AR 367. Dr. Graves also noted that the nurse's triage note indicated that Rowland was positive for post-traumatic stress disorder (PTSD) screening, but that Dr. Graves did not find Rowland to demonstrate classic PTSD symptoms based on his military experiences. AR 367. Dr. Graves referred Rowland for a mental health screening. AR 367.
Also on December 2, 2004, Rowland had a follow-up appointment at the Black Hills HCS laser clinic. AR 342. The record indicates that his left eye looked good and his right eye looked better but may need more laser treatment in the future. AR 342.
On December 13, 2004, Rowland had his annual podiatry appointment with Dr. Jacobs at Black Hills HCS. Rowland reported that he had some burning and numbness in his feet and numbness in both big toes. AR 369. Dr. Jacobs reviewed diabetic education and peripheral neuropathy with Rowland and maintained Rowland's current treatment plan. AR 371.
Rowland presented for an ophthalmology follow-up at Black Hills HCS on January 20, 2005. He complained that both eyes seemed more blurry and watered a lot when he was reading. AR 371. Ophthalmologist Gail A. Bernard found that Rowland had clinically significant macular edema due to nonproliferative diabetic retinopathy that continued to improve slowly. AR 372. Dr. Bernard also found that Rowland had cortical cataracts progressing in both eyes. AR 372.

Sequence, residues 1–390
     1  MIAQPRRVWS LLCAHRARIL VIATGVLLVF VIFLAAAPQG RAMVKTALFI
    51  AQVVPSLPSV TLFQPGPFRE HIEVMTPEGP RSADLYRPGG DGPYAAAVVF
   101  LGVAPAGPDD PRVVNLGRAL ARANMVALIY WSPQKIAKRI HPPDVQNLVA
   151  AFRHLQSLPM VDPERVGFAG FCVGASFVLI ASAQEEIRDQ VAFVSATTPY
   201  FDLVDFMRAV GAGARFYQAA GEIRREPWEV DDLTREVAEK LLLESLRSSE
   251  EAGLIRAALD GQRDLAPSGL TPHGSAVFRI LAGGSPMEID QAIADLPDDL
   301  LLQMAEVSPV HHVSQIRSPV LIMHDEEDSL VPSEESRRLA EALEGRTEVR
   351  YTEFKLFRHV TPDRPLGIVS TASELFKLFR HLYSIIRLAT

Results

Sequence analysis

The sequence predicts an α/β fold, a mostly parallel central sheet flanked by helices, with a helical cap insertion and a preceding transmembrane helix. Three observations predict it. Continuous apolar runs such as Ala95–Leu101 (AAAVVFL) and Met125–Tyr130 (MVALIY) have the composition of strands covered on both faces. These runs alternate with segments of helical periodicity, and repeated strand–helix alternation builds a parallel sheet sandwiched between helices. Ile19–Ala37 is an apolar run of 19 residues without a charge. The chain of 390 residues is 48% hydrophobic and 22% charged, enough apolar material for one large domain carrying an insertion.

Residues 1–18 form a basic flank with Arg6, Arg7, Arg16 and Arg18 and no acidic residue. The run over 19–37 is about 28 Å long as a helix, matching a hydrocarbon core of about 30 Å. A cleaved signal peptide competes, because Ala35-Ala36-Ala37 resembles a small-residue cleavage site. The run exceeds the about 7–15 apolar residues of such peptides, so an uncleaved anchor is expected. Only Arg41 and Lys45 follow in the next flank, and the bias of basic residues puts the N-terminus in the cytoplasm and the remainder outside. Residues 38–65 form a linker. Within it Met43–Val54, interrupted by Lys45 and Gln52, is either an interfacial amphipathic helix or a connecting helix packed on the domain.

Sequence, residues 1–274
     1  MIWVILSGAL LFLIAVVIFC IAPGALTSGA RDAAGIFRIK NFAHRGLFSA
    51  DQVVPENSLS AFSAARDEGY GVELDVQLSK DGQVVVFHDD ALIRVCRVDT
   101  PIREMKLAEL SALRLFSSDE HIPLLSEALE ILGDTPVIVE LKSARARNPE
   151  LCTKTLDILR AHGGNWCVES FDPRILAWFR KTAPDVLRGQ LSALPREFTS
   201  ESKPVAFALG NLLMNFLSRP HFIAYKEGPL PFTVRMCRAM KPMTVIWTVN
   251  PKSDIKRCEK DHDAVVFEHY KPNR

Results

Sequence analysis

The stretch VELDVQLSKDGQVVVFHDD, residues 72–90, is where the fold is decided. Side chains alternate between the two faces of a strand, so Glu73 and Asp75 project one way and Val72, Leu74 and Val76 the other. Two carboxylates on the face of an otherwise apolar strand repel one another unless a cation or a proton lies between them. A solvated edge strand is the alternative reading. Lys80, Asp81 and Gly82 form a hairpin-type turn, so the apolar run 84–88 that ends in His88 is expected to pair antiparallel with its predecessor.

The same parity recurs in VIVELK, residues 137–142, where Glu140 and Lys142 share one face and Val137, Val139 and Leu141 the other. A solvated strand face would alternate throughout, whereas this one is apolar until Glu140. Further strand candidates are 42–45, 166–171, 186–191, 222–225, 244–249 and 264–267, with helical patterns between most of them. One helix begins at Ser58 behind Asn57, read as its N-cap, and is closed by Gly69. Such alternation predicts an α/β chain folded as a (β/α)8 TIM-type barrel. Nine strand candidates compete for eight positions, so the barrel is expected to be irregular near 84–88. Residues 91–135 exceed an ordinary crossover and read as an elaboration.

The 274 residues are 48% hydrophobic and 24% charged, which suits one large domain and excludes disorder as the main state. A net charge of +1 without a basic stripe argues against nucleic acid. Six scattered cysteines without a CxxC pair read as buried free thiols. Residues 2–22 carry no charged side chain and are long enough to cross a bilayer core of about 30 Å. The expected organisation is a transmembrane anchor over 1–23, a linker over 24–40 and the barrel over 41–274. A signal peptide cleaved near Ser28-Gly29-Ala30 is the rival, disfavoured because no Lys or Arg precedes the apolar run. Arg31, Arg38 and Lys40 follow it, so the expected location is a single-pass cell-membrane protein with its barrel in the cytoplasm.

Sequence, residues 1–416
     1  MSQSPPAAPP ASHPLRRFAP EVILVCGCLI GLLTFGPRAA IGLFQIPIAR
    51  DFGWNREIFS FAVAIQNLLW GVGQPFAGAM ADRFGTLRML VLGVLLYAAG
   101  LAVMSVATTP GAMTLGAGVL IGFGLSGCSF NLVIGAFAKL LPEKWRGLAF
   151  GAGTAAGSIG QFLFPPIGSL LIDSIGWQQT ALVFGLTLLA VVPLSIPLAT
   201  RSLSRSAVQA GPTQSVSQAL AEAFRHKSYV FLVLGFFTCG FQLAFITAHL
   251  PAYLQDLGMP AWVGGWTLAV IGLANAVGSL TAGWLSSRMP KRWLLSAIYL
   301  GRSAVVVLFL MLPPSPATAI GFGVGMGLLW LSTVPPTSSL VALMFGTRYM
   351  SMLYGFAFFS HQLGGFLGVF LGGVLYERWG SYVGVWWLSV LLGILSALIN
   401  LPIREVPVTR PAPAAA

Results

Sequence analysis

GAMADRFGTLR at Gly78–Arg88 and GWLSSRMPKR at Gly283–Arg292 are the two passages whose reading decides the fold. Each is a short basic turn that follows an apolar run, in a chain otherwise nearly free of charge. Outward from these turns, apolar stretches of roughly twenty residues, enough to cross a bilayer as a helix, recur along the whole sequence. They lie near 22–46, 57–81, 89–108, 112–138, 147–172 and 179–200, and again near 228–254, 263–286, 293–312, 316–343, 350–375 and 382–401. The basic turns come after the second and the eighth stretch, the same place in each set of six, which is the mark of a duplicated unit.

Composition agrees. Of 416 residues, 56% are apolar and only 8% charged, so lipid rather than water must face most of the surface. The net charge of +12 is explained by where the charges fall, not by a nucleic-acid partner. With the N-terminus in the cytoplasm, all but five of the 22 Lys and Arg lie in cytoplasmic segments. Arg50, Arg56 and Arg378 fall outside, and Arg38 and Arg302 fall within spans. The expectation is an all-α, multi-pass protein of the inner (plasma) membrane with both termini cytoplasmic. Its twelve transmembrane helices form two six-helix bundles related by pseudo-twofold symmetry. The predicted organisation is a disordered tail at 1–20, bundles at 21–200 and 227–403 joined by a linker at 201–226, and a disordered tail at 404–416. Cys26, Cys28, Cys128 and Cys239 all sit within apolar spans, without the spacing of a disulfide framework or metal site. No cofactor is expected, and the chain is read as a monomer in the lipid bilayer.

Rowland saw nurse practitioner Kathleen E. Baumiller for a psychiatric consultation at the Black Hills HCS on February 15, 2005. AR 373. Rowland stated, "I think I had depression and anxiety a long time ago, I figured that was just a part of me." AR 373. Rowland indicated that he saw a mental health provider once when he was in Vietnam and underwent alcohol treatment in 1985. AR 373. Rowland also stated that he had two or three attacks of nerves per year and sometimes had to breathe into a paper bag. AR 373. Rowland also indicated that he sometimes woke himself up feeling afraid and helpless but did not remember the content of his dreams. AR 373. Rowland stated that he did not have flashbacks, but indicated that he isolated himself, he found it hard to get dressed some days, and his concentration and energy were poor. AR 373. Baumiller found that while Rowland described some PTSD symptoms, namely anxiety, nightmares, and irritability, he did not fully meet the criteria for this disorder. AR 375. Baumiller further found that Rowland did meet the criteria for dysthymia based on his description of depressed mood, poor concentration, lack of energy, lack of pleasure in doing usual hobbies, wanting to isolate, and involvement in a stressful dispute over custody of his grandchildren whose parents died in 2002. AR 375. Baumiller prescribed sertraline, an antidepressant, to help relieve some of these symptoms. AR 375. Baumiller assigned Rowland a Global Assessment of Functioning (GAF) of 65.